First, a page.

Now here’s another thing. That spare land beside the high school could be a fantastic resource for the entire school campus of North Berwick – high, primary and early years. So, once the council have ripped out the mature hedge and converted this portion of field to a playable sports surface, please let’s ensure the portion currently undeveloped for pitches – and in the hands of North Berwick Trust – remains designated for educational use in the next local plan and beyond.
It could be used for other sports (outdoor, or indoor in a much-needed sports hall), or for outdoor education, or simply used as a natural quiet space to help nurture mental health. Other sites exist in the town for housing, or health centre, or car park, or whatever else the general population needs. But once that space has gone it’s gone, and letting it go would be letting down the next generation.

Eddie Clark
St Baldred’s Road
North Berwick


Loss of treebelt

Own up, consenting councillors – you made a mistake on the North Berwick High School treebelt.
The wild cherry (prunus avium) is a bonnie tree with its scented white flowers, followed by green cherries that turn red and purple when ripe – its bark a distinct purplish sheen. It is native to Scotland.
Along with native hawthorn, rowan, guilder rose, ash, pine, and alder, they make up 80 per cent of the treebelt at North Berwick High School threatened by “sightlines” conjured up by the head of education.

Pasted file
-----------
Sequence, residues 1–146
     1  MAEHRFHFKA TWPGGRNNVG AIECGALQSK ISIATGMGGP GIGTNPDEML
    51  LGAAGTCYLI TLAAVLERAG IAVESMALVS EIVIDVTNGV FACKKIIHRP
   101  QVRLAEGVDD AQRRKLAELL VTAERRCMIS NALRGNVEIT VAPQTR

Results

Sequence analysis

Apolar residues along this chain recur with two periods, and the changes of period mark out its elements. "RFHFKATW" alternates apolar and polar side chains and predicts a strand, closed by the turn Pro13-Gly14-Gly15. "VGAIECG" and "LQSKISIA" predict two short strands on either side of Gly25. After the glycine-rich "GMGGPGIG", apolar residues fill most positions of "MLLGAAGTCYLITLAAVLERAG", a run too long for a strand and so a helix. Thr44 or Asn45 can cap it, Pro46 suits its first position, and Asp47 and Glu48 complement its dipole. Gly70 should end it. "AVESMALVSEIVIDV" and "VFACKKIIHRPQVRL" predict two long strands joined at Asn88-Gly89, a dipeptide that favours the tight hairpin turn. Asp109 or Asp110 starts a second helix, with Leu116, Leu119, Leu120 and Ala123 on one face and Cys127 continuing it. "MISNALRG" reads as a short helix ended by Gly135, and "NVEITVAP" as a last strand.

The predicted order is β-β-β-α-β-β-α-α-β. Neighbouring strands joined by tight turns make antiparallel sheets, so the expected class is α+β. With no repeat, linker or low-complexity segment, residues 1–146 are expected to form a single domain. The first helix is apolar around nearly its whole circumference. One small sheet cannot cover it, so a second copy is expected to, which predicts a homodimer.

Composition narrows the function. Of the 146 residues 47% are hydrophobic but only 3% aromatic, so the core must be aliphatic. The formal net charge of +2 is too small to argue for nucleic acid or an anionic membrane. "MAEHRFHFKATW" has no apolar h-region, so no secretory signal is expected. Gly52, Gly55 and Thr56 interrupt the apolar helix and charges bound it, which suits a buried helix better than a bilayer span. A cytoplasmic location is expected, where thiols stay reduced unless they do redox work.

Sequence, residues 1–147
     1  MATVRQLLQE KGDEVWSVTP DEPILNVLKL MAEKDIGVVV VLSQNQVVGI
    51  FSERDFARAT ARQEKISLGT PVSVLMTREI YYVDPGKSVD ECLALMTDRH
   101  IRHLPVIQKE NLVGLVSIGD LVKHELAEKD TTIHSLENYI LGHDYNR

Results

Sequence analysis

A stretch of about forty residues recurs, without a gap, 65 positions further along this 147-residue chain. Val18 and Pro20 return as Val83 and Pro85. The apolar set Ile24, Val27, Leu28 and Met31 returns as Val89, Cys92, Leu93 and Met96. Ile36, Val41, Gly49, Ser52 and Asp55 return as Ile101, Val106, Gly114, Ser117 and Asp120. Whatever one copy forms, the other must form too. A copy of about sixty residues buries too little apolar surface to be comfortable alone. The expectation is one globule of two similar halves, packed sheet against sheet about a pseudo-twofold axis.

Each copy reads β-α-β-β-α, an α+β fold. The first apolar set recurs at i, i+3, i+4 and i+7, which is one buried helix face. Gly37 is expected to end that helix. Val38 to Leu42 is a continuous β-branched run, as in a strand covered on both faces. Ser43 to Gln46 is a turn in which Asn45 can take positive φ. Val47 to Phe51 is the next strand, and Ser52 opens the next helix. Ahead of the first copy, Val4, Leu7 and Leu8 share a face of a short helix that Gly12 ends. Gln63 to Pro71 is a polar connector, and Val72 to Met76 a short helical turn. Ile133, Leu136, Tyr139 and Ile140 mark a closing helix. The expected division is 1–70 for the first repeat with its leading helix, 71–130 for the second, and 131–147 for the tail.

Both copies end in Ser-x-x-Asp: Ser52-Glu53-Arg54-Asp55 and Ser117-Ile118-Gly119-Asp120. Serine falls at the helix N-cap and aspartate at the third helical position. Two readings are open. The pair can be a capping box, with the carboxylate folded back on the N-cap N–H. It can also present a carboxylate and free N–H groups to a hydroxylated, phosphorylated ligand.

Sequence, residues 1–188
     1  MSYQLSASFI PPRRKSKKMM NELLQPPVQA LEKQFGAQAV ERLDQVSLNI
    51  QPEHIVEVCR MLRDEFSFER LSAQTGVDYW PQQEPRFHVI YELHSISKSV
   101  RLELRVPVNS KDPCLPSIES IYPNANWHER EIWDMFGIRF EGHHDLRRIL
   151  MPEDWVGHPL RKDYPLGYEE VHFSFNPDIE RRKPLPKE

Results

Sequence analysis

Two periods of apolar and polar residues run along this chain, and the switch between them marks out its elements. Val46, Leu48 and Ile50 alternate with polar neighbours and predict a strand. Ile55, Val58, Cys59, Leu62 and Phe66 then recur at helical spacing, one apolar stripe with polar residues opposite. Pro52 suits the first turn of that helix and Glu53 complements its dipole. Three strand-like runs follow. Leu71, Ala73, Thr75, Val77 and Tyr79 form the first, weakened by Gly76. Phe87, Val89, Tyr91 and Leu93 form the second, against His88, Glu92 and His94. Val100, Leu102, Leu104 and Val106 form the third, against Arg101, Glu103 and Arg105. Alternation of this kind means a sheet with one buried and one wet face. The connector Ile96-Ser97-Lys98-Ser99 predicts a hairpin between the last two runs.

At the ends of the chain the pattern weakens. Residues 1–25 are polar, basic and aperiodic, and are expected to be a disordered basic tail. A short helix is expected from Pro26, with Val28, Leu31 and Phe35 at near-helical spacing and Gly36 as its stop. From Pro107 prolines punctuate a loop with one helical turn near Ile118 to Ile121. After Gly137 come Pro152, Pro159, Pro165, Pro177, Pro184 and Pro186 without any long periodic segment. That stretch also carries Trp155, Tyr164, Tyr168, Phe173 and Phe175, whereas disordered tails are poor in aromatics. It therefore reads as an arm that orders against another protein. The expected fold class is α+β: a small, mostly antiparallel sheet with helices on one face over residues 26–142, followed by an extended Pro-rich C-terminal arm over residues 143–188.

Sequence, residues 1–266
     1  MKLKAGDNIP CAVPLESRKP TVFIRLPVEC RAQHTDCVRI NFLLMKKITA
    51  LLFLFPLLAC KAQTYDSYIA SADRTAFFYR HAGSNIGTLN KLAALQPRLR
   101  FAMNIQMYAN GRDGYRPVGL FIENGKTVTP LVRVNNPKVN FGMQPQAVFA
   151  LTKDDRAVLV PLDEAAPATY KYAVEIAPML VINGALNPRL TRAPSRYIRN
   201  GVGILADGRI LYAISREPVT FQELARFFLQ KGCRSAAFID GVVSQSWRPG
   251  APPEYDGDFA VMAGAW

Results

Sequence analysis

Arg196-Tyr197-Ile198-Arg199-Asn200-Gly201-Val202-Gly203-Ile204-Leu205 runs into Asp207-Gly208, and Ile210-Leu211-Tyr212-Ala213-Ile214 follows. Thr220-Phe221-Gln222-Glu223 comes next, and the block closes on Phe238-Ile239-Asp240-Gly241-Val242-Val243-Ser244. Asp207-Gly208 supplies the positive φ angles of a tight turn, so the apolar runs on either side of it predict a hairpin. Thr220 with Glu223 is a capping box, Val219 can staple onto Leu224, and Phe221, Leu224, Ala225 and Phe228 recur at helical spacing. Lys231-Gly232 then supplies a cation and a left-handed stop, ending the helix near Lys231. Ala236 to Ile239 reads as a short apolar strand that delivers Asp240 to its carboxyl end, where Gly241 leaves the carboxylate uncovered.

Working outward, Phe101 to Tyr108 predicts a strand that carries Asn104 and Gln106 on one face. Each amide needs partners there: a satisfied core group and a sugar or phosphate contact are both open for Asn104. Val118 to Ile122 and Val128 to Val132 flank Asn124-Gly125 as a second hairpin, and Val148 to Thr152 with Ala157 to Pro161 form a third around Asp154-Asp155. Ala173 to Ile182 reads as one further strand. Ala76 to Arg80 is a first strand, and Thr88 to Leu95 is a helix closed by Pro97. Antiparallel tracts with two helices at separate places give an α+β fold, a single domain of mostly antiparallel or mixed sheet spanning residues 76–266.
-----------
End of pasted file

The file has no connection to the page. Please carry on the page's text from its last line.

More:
The councillors who voted for the destruction of the treebelt in the narrow planning committee decision were misled by their experts, who failed to point out that the wild cherry is native and is one of the major species in the treebelt.  A clue should have been in its old Scots name, the gean.
A check on the Forestry and Land Scotland website would have confirmed that it is indeed a native tree to Scotland. So the committee heard that the treebelt was “non-native” from its experts, a decisive factor in the decision.
There has already been enough destruction on the campus without adding to the trickle crisis in biodiversity. 

Mr A B Walker
Pilgrims Way
North Berwick


Great care home

May I take this opportunity to reply to your recent article about Lammermuir House Care Home [the article reported that the home had been given a rating of ‘weak’ by the Care Inspectorate following an unannounced visit in September].
It is an extremely well run and professionally organised care home with high standards and nursing care is meticulously carried out.
The food served to us is not five-star quality but is of superb quality and quantity, unlike other local care homes I have experienced.
So if any of your readers are thinking of using Lammermuir House Care Home for their loved ones, be rest assured that there is no finer care home in East Lothian.
John Swan (75)

Lammermuir House Care Home